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Tell us about one thing (or more) that you promised yourself you’d accomplish by the end of the year. How would you feel once you do? What if you don’t?

I don’t like to admit I smoke, let alone say that I wasn’t able to quit this year, like so many other times, other years. I began 20 years ago in June when I quit drinking. People are warned in treatment to not substitute one addiction for another, but that’s just what I did. I had smoked before I had children, and had been a non-smoker for about 15 years, when I came out of rehab. While I was in, one evening I bummed a smoke from someone there, and that set off my smoking addiction again.  I said to myself it would only be for a while — but now it’s twenty years later.

I’ve been able to justify it on a number of levels: First, I don’t smoke that much, 12-15 a day; and second, I’m able to go for long periods without smoking. Until I retired two years ago, obviously I didn’t smoke during the day. If I go to a workshop or a retreat, or some other event, I can go without smoking. (I do use nicotine lozenges as a crutch.) Finally, I exercise, am quite healthy with low blood pressure, and do yoga about 3 times a week. Additionally, I don’t smoke in the house, and I never smoke in public where children whom I’ve taught might see me. I know that when children see people smoking, the message is that it’s okay to smoke. Children believe what they see, not necessarily what they’re told.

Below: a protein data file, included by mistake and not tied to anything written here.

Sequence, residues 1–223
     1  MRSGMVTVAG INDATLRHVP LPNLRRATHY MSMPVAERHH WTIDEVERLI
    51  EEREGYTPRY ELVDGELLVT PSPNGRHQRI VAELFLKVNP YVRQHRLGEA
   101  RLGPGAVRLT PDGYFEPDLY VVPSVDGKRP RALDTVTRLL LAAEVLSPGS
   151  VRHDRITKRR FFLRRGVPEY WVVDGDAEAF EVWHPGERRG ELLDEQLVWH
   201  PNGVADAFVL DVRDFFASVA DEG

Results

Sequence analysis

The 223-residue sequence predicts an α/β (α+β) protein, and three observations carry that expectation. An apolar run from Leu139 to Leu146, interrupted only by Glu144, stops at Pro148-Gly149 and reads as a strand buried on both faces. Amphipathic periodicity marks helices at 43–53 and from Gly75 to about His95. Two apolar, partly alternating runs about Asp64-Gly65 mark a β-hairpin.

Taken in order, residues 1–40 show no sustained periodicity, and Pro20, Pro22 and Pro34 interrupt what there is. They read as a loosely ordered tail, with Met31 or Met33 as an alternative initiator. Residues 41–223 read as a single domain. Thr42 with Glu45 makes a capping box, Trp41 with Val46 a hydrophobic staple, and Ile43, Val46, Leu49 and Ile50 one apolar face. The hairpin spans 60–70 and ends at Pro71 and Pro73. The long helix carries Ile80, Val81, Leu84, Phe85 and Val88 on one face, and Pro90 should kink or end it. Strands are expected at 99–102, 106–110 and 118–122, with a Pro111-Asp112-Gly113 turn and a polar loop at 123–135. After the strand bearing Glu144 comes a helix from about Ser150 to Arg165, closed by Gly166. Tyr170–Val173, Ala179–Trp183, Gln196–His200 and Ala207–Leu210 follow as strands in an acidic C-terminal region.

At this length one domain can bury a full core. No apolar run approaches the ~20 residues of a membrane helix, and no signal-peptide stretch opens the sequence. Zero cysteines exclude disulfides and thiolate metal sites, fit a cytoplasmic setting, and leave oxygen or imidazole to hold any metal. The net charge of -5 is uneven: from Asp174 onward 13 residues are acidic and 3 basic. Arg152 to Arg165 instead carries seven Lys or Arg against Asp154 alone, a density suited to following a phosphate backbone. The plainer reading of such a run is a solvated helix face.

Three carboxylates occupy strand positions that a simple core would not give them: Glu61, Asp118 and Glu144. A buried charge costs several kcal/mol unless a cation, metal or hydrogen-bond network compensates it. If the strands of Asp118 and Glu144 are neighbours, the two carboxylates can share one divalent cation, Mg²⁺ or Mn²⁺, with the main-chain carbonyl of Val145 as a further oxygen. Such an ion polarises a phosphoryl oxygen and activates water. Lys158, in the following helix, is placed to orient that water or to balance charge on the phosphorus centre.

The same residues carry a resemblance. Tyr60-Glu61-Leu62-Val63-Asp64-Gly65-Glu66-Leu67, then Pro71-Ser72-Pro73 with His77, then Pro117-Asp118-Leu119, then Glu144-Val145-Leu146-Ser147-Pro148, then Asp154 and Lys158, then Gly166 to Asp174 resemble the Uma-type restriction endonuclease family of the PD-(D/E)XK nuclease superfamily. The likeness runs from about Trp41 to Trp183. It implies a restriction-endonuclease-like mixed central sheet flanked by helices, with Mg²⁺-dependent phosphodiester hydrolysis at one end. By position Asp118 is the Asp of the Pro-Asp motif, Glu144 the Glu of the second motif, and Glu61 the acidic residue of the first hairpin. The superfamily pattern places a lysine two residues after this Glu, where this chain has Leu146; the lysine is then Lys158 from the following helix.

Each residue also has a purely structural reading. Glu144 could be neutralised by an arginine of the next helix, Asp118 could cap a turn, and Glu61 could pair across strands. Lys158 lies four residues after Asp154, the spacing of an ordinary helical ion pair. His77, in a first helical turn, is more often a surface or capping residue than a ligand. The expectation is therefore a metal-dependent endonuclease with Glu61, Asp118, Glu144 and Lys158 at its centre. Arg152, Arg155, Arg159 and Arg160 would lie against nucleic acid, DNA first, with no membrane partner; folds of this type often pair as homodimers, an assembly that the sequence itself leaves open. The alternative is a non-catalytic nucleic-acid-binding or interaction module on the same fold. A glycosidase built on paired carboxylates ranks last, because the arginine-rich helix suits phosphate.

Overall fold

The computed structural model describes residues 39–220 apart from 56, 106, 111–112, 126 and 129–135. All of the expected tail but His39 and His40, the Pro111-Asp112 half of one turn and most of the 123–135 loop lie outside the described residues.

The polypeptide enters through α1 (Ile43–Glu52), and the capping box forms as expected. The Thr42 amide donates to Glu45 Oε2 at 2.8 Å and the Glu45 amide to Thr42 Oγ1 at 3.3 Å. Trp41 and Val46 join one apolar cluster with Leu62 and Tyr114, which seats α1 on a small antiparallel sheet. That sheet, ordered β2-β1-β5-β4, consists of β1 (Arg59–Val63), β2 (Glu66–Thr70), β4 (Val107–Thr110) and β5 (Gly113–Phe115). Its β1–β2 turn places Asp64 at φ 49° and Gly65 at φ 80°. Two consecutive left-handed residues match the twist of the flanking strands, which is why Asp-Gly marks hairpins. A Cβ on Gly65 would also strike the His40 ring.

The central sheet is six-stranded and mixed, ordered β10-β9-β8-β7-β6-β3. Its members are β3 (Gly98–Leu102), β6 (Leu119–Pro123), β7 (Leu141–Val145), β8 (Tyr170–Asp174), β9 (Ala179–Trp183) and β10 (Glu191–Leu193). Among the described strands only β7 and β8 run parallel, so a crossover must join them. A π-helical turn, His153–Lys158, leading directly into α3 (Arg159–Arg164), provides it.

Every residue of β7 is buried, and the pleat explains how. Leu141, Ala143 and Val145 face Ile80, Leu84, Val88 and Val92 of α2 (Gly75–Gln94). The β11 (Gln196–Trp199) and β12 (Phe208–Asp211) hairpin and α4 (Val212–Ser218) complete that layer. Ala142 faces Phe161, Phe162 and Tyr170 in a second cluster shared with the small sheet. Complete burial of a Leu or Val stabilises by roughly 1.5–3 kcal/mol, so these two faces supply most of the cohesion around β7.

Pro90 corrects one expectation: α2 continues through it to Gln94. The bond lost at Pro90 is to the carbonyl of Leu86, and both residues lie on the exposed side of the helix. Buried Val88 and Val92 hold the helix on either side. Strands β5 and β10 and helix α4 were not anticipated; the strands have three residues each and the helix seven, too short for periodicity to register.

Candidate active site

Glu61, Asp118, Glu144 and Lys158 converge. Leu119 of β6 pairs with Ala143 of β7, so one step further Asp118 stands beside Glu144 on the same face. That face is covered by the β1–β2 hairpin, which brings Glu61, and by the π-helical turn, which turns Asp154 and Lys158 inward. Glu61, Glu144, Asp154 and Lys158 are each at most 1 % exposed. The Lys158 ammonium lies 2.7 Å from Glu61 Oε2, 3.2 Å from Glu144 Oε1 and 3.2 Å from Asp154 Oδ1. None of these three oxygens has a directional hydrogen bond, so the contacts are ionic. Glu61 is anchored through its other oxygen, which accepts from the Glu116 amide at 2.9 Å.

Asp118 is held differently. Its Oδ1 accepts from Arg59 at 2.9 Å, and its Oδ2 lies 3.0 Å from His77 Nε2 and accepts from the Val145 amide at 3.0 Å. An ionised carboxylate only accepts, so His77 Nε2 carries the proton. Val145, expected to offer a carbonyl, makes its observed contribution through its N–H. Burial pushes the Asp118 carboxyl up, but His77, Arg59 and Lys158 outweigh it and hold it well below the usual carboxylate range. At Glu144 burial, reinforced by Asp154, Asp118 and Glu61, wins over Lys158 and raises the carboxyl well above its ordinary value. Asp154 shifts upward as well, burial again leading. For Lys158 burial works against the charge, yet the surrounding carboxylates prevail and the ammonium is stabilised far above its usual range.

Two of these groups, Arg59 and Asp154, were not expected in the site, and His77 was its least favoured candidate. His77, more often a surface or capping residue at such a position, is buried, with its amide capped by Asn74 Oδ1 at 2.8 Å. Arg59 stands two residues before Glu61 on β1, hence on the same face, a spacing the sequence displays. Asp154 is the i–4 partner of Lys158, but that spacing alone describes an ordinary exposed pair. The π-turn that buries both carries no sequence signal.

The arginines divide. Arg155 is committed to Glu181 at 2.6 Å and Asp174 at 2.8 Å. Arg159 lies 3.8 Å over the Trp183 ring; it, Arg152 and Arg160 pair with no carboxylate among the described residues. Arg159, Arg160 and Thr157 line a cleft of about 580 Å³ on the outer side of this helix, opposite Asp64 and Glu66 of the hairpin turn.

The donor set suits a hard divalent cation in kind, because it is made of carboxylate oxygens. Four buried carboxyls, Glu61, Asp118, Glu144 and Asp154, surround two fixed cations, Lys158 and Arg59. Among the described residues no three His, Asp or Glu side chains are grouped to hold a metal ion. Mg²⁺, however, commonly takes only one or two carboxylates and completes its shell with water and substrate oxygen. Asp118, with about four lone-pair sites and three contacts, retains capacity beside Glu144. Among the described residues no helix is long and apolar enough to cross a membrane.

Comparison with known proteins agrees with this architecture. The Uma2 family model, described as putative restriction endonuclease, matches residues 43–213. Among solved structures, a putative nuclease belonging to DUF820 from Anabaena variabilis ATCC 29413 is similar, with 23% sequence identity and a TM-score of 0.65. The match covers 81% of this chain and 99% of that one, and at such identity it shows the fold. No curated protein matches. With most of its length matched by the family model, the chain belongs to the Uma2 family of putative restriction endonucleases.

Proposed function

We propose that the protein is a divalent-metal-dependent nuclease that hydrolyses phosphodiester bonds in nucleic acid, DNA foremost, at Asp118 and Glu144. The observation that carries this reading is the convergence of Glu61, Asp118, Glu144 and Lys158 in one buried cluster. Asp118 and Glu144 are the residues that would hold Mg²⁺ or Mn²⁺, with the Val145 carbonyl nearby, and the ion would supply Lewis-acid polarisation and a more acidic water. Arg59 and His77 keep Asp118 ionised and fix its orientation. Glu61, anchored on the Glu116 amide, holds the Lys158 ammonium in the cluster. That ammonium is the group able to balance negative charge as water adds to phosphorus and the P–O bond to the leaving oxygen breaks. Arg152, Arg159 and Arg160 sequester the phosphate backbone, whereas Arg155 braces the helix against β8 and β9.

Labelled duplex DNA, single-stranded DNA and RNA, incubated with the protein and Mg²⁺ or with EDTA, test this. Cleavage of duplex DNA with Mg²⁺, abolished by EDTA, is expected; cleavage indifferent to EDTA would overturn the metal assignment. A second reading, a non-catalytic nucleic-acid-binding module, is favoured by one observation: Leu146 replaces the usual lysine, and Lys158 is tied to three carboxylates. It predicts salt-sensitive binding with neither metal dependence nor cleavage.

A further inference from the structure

The other thing I’ve learned is that you can’t quit unless you have absolutely decided to do it: if you have doubts or reservations, they’ll slip you up. My son totally surprised all of us when he quit several years ago after smoking quite a bit for 10 years or more. He just decided that he would stop — no matter what.

I’ve quit before, so I know it can be done, but the reality is that I don’t really want to. I enjoy it, I can’t imagine not smoking. I know I shouldn’t, my dear doctor gives me good reasons to quit at every annual physical. She stopped smoking many years ago, and used the patch and has assured me it helps. I have a package of patches. but they’ve been in my drawer for a couple of months now.

My son met a therapist who uses hypnosis pretty successfully to help people stop, but I just can’t make the phone call to meet with her. I really don’t know why I’m holding on to this so obstinately. One reason is that I’m afraid I’ll gain weight, but really quitting smoking is more important to my health. At 66 though, losing weight isn’t as easy as when one is younger. I hope that I gather the strength to decide to do “the right thing,” sooner rather than later.